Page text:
Nonalcoholic fatty liver disease (NAFLD)
Nonalcoholic fatty liver disease (NAFLD) is secondary to excessive lipid accumulation in the hepatocytes (i.e., steatosis), where other etiologies including alcoholism have been excluded. NAFLD is rising in incidence at an alarming rate in the United States and is currently thought to affect 20% to 30% of patients in the general population and 85% to 90% of patients undergoing evaluation for weight-reduction surgeries. It is the most common cause of chronic liver disease in the United States. Obesity, diabetes mellitus, and hyperlipidemia are known risk factors. NAFLD has been long considered the hepatic manifestation of metabolic syndrome. Patients with uncomplicated NAFLD are usually asymptomatic, although some patients may have right upper quadrant pain or abnormal liver function tests.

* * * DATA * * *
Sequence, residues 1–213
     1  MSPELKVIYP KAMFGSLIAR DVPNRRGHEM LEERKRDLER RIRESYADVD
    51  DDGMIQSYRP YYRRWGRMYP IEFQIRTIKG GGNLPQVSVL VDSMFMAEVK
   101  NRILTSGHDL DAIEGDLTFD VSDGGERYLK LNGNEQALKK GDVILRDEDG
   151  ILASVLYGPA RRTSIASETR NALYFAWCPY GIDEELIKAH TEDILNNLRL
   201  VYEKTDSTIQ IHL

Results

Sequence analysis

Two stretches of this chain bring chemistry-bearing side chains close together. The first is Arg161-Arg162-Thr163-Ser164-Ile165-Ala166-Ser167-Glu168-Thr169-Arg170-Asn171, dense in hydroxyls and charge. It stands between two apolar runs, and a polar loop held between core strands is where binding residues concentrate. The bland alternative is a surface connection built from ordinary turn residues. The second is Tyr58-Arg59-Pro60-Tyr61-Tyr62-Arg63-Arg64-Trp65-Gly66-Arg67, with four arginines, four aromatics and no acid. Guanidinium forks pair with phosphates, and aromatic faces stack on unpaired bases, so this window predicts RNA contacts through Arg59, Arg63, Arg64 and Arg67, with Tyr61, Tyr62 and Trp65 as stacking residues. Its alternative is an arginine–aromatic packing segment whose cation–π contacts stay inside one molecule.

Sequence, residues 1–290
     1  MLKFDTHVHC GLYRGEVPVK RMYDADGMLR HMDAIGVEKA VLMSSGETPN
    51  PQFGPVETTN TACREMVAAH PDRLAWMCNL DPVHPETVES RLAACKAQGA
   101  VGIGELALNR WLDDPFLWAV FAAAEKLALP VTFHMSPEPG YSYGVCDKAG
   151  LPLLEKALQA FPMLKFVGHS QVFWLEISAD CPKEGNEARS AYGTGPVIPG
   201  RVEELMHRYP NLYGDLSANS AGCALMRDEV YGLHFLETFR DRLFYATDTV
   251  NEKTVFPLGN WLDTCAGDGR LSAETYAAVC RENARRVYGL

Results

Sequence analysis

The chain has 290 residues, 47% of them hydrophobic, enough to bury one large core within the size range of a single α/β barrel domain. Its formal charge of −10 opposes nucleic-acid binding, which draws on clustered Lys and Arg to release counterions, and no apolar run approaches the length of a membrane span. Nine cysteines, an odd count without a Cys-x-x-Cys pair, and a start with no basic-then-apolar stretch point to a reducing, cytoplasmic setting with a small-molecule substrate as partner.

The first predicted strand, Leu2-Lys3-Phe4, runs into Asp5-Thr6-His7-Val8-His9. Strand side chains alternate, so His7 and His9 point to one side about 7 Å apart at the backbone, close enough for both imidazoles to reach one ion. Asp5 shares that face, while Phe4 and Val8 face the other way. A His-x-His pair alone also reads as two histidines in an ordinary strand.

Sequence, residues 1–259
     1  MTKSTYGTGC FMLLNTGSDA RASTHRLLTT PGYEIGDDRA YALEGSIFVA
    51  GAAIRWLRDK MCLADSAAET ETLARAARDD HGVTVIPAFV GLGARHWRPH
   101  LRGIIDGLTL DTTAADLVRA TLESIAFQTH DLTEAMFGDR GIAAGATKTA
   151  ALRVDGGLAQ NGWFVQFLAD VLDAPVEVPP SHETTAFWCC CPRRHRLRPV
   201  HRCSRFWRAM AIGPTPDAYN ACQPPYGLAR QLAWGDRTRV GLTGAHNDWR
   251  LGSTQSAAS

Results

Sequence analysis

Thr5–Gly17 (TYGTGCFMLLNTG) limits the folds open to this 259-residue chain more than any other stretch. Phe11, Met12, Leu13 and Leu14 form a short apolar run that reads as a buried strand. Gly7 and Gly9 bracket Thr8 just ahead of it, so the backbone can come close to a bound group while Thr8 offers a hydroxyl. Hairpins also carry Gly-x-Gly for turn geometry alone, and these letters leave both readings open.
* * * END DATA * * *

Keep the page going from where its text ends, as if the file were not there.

NAFLD represents a spectrum of liver abnormalities from steatosis (i.e., increased liver fat), nonalcoholic steatohepatitis, fibrosis, cirrhosis, and liver failure. Obesity, insulin resistance, hypertension, and dyslipidemia may contribute to the development of NAFLD. Most patients are asymptomatic, but others can present with right upper quadrant pain, hepatomegaly, jaundice, encephalopathy, and other signs of liver disease. Abnormal liver function studies and fatty liver on abdominal ultrasound is diagnostic. Weight loss can reverse pathologic conditions of the liver, and therefore lifestyle modification is the first step in the management of NAFLD. Insulin sensitizer (i.e., metformin and thiazolidinediones) and vitamin E can be considered, but benefits are equivocal.